Students fight ever-mounting fee hikes
November 29, 2007 9:21 AM
Students fighting the rising cost of public higher education filed a ballot initiative with the state attorney general to freeze mandatory resident undergraduate fees in the California State University and University of California systems.
Students & Families for Tuition Relief Now filed papers for the College Affordability Act of 2008 on Nov. 14. The act would block fee increases for resident undergraduates for five years beginning in July 2009, and prevent future tuition hikes from exceeding the annual change in the cost of living. The act also mandates that California residents pay an additional 1 percent tax on every dollar over $1 million earned, which would provide a new source of revenue, said lead organizer Jeremy Bearer-Friend.
“There’s something wrong with funding for higher education,” said Valeria Fike-Rosales, a lead organizer of Students & Families for Tuition Relief Now. “We need to fund education, but we need to stop creating barriers on the access students have to higher education.”
The filing comes the same week the CSU Board of Trustees and UC Board of Regents voted to oppose Proposition 92, which would change the way money is allocated to state community colleges and lower fee caps from $20 to $15 per unit.
The state attorney general will review and return the documents in 45 days. Students will then have until mid-April to gather at least 400,000 signatures from registered California voters to qualify for the November 2008 ballot.
Greenlining Action provided the infrastructure for Students & Families for Tuition Relief Now. Greenlining Action’s mission is affordable higher education for all, and is a separate but related entity of the Greenlining Institute, which is a multiethnic public policy and advocacy organization based in Berkeley.
“What we do is we create language and submit it to the attorney general,” said Fike-Rosales, who is also a Greenlining Action staff member. “Students are the ones on the campuses and they’ll be the ones collecting the signatures. Greenlining Action helps provide a Web site and connect with students. It’s a lot of financial support we provide.”
The College Affordability Act of 2008 focuses only on undergraduate California residents because “the institution has a priority to serve the people of California,” Bearer-Friend said.
“It’s the children of California citizens who want to know that they can go to schools and the business owners that want to know they can count on an educated work force,” Bearer-Friend said. “The vision is that California parents should be able to know that they can afford a college education. Right now, they can’t trust that.”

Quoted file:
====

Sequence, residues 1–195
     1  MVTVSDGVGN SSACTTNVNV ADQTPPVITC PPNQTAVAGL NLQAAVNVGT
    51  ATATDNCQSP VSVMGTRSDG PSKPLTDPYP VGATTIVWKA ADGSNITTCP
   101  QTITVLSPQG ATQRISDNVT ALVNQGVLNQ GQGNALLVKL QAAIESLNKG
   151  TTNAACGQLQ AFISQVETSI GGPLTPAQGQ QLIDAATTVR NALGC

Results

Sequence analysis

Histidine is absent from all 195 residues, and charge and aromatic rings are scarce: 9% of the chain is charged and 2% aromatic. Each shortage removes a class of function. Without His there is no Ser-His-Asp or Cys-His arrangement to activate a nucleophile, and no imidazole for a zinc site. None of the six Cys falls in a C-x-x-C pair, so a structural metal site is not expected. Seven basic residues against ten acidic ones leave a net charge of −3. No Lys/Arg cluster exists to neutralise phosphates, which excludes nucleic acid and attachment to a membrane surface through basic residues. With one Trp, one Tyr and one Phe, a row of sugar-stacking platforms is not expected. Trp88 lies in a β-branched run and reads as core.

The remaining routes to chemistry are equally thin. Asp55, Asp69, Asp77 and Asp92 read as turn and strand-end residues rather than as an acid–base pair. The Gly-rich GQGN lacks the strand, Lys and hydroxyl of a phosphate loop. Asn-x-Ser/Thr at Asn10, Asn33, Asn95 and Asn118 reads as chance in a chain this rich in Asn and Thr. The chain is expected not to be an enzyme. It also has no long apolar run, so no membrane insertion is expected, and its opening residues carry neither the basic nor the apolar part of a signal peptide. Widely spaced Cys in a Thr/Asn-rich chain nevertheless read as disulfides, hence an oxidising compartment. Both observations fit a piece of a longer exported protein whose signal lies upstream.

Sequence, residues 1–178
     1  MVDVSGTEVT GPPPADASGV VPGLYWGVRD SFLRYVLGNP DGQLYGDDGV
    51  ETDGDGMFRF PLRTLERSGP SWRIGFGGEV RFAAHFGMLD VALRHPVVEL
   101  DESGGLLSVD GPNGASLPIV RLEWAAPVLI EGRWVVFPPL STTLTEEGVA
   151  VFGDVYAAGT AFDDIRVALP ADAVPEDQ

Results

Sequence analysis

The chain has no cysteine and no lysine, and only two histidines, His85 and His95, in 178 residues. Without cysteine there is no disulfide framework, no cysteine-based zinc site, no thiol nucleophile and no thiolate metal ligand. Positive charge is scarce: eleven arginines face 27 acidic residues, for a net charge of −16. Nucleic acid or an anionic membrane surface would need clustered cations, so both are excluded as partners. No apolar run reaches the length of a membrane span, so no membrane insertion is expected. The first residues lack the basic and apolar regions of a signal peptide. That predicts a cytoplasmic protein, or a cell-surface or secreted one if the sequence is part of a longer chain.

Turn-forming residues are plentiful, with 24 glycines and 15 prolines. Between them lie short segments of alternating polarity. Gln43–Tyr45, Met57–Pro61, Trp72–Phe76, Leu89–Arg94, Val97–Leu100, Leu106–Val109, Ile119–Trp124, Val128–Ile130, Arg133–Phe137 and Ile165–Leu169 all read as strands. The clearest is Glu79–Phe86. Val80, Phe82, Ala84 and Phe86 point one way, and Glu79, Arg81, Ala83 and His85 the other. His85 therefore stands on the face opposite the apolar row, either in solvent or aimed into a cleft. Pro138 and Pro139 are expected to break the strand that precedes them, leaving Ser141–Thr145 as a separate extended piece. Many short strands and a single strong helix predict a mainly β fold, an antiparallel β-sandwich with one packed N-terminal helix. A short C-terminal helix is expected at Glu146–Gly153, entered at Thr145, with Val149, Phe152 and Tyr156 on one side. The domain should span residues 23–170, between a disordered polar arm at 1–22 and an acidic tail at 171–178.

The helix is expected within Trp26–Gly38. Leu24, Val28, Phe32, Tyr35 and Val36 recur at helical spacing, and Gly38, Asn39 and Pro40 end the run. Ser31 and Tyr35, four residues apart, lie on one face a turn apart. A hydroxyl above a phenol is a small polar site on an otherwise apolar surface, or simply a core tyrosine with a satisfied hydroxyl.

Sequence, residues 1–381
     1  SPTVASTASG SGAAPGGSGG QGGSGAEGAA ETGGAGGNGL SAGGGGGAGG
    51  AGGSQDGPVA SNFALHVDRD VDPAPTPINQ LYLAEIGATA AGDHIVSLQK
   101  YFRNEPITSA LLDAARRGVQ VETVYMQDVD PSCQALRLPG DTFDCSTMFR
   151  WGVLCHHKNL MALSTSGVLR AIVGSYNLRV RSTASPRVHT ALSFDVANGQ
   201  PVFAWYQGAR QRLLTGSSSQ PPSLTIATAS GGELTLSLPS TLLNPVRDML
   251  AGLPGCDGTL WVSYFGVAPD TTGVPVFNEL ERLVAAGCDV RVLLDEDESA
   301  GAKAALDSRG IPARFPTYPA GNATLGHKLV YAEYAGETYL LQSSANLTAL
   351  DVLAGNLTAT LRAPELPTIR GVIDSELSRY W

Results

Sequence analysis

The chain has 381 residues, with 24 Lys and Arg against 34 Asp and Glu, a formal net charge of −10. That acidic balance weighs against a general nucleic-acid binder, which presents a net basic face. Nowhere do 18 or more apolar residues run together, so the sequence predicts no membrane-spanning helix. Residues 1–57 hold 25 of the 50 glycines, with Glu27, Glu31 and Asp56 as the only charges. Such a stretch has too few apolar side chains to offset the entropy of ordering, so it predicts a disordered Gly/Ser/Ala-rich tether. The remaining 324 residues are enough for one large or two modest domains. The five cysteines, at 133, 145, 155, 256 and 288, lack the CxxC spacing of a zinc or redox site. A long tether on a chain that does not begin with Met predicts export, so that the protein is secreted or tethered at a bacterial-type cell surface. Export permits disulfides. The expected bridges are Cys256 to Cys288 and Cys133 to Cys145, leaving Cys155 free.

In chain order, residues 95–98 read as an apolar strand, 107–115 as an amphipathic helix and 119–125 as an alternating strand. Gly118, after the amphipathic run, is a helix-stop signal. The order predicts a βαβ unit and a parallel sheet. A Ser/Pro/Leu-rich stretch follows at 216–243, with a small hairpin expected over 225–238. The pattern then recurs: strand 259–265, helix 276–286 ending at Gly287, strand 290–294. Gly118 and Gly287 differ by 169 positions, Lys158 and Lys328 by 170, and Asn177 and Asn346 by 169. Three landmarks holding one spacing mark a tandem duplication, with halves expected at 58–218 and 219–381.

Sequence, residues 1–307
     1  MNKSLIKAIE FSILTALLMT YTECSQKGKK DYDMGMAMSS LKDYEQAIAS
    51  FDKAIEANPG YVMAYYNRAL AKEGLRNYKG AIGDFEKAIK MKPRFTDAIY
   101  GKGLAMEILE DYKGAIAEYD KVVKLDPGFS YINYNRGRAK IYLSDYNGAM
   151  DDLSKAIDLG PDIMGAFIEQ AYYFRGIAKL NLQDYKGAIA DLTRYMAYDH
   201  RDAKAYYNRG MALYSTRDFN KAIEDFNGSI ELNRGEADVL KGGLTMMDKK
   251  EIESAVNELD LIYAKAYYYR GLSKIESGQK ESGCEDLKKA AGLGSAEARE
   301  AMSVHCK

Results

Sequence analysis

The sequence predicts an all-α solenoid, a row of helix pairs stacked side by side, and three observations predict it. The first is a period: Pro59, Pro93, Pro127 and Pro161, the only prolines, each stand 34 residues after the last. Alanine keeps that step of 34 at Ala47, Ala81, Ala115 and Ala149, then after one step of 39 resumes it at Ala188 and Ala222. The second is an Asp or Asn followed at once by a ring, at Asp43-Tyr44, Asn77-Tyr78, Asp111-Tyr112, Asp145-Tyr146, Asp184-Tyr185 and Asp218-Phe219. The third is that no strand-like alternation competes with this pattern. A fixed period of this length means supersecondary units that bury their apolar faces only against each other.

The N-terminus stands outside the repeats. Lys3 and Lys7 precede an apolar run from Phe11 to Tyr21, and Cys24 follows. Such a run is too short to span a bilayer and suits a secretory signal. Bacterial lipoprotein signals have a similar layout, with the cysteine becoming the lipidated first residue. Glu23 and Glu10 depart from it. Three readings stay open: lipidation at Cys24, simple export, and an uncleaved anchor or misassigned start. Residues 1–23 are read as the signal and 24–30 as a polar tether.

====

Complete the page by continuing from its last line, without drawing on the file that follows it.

Pre-nursing student Alfred Bautista, 19, said that the tuition hikes "make students think twice about wanting to go to a CSU."
"I have a lot of friends that want to go [to SF State], but they may go to a community college to save money," Bautista said. "For fees to increase, it makes me regret going to a CSU right away."
If the act is approved by voters, it would become statutory law – which is not legally binding to the UC Board of Regents, Bearer-Friend said. If the UC rejects the act, they will not receive any funding generated from the act, and the money will be passed on to the CSU.
“The UC is constitutionally autonomous, so that means unless there’s a constitutional amendment, you can’t pass laws the regents are bound to,” Bearer-Friend said. “But they have a strong interest in abiding by [the new act] because they would gain access to the revenue it generates.”
UC spokesman Ricardo Vazquez said that the ballot initiative may be reviewed by the Board of Regents.
“There’s nothing much I can say about that except that would be something that the University of California and the Regents would likely take a position on, but it’s just something that is brand new,” Vazquez said.
Students & Families for Tuition Relief Now met with CSU Chancellor Charles B. Reed and other executives to discuss the ballot initiative on Nov. 27.
“We always applaud the students for taking an active role and making sure fees stay affordable, but it’s tough because the CSU only has two sources of funding – the state and students,” said CSU Spokesman Paul Browning. “We’re going to ask for another $73 million to avoid increasing student fees. We’re worried. It’s kind of like a rock between a hard place.”
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